00 KCL rev F09 - EECS 314 / Kirchhoff's Current Law 9/1/10...

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EECS 314 // Kirchhoff's Current Law 9/1/10 © 2010 A. Ganago 1 We begin with basic laws applicable to all circuits In today’s discussion, it does not matter what exactly the circuit elements are; but pay attention to their connections © 2009 A. Ganago 1 KCL © 2009 A. Ganago 2 Gustav Kirchhoff (1824-1887) formulated Basic Circuit Laws in 1847: Kirchhoff’s Current Law (KCL) Kirchhoff’s Voltage Law (KVL) These general laws apply to circuits regardless of the types of charge carriers (electrons, holes, ions) KCL Note his age… Gustav Kirchhoff (1824-1887) formulated Basic Circuit Laws when he was 23 years old… • Like a Master’s grad student of today… • Then he went on to more glory © 2009 A. Ganago KCL 3 © 2009 A. Ganago 4 Basic facts about charges (1) • Electric charges are of two types •Denoted positive and negative • Elementary positive charge (such as of a proton) equals 1.602 · 10 -19 C •The unit of an electric charge is coulomb • Elementary negative charge (of an electron) has the same magnitude KCL © 2009 A. Ganago 5 • The size of an elementary charge is so small that charges seem continuous – Old terms and formulas (still in use) describe the charges and currents as fluids and their flow Basic facts about charges (2) KCL © 2009 A. Ganago 6 • Modern applications such as nanotechnology have to treat charges as discrete, but in this course we use the traditional formulas Basic facts about charges (3) KCL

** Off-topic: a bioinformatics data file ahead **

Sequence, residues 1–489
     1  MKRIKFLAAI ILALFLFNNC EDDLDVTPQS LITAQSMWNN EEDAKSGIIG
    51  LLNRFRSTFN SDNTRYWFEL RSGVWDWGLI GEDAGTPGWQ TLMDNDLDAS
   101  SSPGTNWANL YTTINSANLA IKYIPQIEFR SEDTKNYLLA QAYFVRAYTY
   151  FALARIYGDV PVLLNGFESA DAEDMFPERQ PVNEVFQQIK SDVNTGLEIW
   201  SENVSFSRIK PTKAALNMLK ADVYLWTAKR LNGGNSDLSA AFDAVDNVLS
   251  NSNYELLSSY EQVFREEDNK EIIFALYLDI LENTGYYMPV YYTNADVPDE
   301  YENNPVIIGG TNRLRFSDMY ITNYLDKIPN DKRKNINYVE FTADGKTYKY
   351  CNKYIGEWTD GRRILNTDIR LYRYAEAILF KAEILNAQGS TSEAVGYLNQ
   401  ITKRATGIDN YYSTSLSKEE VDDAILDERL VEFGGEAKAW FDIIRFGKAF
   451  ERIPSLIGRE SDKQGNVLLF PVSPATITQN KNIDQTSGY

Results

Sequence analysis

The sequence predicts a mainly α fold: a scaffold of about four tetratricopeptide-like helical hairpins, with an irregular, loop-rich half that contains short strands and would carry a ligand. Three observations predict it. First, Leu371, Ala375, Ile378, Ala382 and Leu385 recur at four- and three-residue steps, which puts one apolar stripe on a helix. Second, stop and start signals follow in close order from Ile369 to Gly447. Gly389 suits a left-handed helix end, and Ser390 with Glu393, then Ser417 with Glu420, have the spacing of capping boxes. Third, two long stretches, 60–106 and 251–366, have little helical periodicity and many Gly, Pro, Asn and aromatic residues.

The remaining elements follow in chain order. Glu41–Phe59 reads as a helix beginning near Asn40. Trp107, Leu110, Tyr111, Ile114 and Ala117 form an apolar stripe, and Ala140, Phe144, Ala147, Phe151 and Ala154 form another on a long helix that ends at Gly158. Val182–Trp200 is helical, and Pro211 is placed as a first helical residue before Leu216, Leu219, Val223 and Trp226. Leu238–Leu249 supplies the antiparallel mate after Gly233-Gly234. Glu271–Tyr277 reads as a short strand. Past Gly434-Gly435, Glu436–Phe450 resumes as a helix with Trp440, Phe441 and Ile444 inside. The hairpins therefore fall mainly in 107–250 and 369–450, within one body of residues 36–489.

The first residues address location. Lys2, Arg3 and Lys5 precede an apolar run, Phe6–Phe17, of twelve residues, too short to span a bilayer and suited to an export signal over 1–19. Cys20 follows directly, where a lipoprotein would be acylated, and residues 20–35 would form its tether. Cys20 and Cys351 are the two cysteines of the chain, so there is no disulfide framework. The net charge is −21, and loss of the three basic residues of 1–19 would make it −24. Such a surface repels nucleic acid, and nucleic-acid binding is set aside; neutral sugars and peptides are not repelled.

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EECS 314 // Kirchhoff's Current Law 9/1/10 © 2010 A. Ganago 2 © 2009 A. Ganago 7 I = dQ dt Definition of electric current dQ is the electric charge that crosses a surface, such as the cross-section of a wire, during the time interval dt I is the electric current Unit: 1 ampere = 1 A = 1 C / 1 sec KCL Similarities (1) • The definition of electric charge is similar to that of mass flow, for example, of incompressible liquid (water, etc.) © 2009 A. Ganago KCL 8 © 2009 A. Ganago 9 Flow = dm dt Definition of mass flow Of course, mass m is not continuous but we use this formula for simplicity, assuming that the change of mass dm is much larger than the mass of a molecule or atom KCL © 2009 A. Ganago 10 Conventions used in circuits (1) Direction of electric current is the chosen as the direction of motion of positive charges – Thanks, Ben Franklin … – Don’t worry about electrons and positive ions – just be consistent in bookkeeping! KCL © 2009 A. Ganago 11 Conventions used in circuits (2) The conventional direction of electric current is opposite to the direction, in which electrons move Electric current flow through a wire Electrons flow through the wire KCL © 2009 A. Ganago 12 Conventions used in circuits (3) Both the magnitude and the direction of the electric current determine the amount of charges moving in the circuit + 5 A - 5 A The same current can be shown in two ways… KCL
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EECS 314 // Kirchhoff's Current Law 9/1/10 © 2010 A. Ganago 3 © 2009 A. Ganago 13 Practical Application (1)
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This note was uploaded on 12/06/2010 for the course EECS 314 taught by Professor Ganago during the Spring '07 term at University of Michigan.

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00 KCL rev F09 - EECS 314 / Kirchhoff's Current Law 9/1/10...

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